A major goal of our research is to understand the molecular basis for the effects of MSUD on the brain as a means to developing effective therapy.

We have generated a mouse line that has what we call a floxed E1-alpha gene that will allow us to ask very fundamental questions about MSUD and brain pathology in an animal model. The animals that we have generated (floxed E1-alpha) have DNA pieces put into them that are recognized by the enzyme Cre-recombinase. By breeding with what we call a Cre-mouse (a mouse which expresses the Cre-recombinase enzyme), we are able to remove a portion of the E1-alpha gene and produce an animal with a defective E1- alpha gene. Through several breeding cycles, we first produce animals that have the defective gene (deletion) in one chromosome (+/- animal) then breed those to make animals that have the deletion in both chromosomes (-/- animal). This is the knockout or KO (-/-) animal, because this animal does not produce the E1- alpha protein (or produces a defective protein with a large piece missing). Today there are mouse lines that permit us to create a knockout in the entire animal or in specific organs and tissues. Ultimately we want to generate a mouse that does not express E1- alpha only in the brain.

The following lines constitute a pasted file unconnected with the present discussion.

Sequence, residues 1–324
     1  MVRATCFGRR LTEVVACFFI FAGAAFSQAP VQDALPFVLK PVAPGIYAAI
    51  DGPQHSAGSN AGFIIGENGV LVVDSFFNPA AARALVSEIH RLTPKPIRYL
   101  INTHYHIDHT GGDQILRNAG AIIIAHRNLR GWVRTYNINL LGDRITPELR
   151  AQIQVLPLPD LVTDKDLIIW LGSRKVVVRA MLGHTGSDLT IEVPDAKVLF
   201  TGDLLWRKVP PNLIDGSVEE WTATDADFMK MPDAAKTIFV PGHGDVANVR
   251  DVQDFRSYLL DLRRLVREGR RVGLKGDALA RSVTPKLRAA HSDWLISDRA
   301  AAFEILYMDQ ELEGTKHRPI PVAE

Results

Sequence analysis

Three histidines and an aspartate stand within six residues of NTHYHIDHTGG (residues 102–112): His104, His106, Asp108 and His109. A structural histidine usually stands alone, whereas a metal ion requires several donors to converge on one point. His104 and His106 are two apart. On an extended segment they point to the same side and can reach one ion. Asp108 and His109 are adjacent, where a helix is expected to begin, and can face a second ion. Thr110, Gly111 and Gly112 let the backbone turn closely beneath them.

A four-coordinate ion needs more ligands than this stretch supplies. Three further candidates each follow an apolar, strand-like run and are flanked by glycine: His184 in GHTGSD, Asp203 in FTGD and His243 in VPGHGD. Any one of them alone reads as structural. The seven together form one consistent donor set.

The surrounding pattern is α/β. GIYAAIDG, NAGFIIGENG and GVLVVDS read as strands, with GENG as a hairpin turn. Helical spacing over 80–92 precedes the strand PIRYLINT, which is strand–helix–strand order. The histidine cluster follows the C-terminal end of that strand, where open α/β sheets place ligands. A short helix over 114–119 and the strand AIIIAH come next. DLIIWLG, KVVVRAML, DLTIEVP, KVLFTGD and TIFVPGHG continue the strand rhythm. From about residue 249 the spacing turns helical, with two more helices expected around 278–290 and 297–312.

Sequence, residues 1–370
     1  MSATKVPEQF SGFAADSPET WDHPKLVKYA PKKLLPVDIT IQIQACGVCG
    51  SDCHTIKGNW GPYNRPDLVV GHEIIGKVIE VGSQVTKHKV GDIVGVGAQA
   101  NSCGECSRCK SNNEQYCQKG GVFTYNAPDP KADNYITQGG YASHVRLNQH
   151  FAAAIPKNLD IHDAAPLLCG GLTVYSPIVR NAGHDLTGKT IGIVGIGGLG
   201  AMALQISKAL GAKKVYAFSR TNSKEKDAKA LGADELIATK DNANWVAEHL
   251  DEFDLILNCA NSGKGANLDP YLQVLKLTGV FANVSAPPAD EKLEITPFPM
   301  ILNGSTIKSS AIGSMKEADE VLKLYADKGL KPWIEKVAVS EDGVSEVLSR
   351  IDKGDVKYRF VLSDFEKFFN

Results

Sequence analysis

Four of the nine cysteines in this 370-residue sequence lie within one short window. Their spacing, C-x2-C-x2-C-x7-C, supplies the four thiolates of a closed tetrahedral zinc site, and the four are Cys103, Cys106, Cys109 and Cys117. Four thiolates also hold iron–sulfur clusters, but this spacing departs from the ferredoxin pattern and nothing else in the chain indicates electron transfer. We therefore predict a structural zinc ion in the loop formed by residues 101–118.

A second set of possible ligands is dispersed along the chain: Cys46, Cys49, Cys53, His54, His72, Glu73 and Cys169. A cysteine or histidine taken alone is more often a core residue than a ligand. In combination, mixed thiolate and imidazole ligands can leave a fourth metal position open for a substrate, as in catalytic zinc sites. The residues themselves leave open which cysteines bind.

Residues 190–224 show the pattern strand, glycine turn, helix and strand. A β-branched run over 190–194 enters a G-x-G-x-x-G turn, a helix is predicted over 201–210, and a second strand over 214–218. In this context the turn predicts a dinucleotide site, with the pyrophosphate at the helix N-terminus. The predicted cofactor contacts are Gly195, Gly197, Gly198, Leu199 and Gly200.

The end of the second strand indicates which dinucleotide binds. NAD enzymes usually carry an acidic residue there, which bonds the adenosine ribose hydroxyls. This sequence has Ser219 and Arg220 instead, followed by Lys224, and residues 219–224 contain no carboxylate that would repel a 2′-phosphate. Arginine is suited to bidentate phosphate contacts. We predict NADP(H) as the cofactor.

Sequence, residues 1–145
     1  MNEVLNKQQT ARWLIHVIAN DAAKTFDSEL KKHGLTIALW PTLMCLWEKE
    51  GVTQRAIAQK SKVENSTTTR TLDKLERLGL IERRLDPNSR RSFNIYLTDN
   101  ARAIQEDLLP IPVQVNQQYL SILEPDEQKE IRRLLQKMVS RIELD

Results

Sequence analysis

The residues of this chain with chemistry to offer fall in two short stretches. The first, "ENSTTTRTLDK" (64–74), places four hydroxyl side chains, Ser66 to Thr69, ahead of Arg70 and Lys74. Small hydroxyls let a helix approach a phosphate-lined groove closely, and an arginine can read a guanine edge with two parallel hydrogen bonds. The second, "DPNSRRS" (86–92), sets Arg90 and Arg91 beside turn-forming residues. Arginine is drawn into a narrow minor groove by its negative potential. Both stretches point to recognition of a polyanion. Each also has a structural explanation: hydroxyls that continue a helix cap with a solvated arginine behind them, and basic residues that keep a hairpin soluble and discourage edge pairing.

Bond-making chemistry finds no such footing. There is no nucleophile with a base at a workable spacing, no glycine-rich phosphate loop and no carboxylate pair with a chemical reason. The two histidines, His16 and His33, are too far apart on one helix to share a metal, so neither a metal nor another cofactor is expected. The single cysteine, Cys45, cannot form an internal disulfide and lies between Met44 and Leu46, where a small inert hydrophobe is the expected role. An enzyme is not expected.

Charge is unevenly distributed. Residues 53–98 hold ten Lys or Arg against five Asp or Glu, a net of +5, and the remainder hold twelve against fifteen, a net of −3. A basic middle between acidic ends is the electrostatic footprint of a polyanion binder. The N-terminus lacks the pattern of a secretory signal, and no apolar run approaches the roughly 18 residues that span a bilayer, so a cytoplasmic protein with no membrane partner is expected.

We have generated MSUD E1 knockout animals by breeding mice heterozygous (one chromosome has the deletion and the other one is normal) for the E1-alpha gene deletion in both chromosomes (-/- or KO animal). These animals are classic MSUD and, as found with the E2 total knockout (*KO), the pups die within 1-2 days of birth. We are using these animals to show the localization of the branched-chain alpha-keto complex (BCKDC) in the brains of the mice. The enzyme is located in nerves (neurons) and not in other types of brain cells, but expression is not uniform throughout the brain. Right now we are breeding the neuron-specific Cre mouse to establish the line here, and then we will mate them with our E1 animals (floxed E1). Animal breeding is a time-consuming process. We hope to produce the desired animals in the next couple of months. The phenotype of these animals will show whether altering brain metabolism is sufficient to produce the neurological effects and determine the next course of experiments. Stay tuned for further updates.

We are also collaborating with Dr. Brendan Lee at Baylor on the phenylbutyrate project. Our laboratory will be doing the cell work, measuring leucine metabolism and the effects of phenylbutyrate on MSUD patient lymphoblast cell lines to determine whether we can predict efficacy.

Editor’s Note: Please see Dr. Hutson’s article in the Fall 2007 Newsletter for more information on this project.
Editor’s Note: Please see Dr. Lee’s article on front cover.